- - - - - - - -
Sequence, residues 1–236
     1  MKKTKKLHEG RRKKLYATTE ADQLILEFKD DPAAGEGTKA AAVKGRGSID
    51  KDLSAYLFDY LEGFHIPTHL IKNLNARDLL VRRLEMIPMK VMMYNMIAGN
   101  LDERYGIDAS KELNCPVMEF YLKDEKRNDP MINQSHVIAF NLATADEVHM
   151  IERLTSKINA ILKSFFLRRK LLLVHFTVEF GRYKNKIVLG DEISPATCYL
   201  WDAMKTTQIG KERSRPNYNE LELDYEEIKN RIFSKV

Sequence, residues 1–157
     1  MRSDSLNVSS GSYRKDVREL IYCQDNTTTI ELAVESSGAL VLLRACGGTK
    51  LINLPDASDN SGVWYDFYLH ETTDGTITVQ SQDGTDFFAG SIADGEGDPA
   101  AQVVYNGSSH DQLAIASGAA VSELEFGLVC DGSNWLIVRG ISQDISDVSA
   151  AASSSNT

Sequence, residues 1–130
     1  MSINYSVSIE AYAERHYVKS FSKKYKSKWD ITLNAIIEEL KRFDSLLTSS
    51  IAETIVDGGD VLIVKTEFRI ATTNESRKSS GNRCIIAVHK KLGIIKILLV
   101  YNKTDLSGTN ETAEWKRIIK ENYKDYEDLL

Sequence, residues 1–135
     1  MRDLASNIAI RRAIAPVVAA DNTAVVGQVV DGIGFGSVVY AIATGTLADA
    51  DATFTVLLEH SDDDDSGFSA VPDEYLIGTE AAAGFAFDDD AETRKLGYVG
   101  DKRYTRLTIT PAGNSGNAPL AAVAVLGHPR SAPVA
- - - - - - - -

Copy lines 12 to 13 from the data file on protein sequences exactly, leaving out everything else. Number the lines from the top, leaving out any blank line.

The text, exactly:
Sequence, residues 1–130
     1  MSINYSVSIE AYAERHYVKS FSKKYKSKWD ITLNAIIEEL KRFDSLLTSS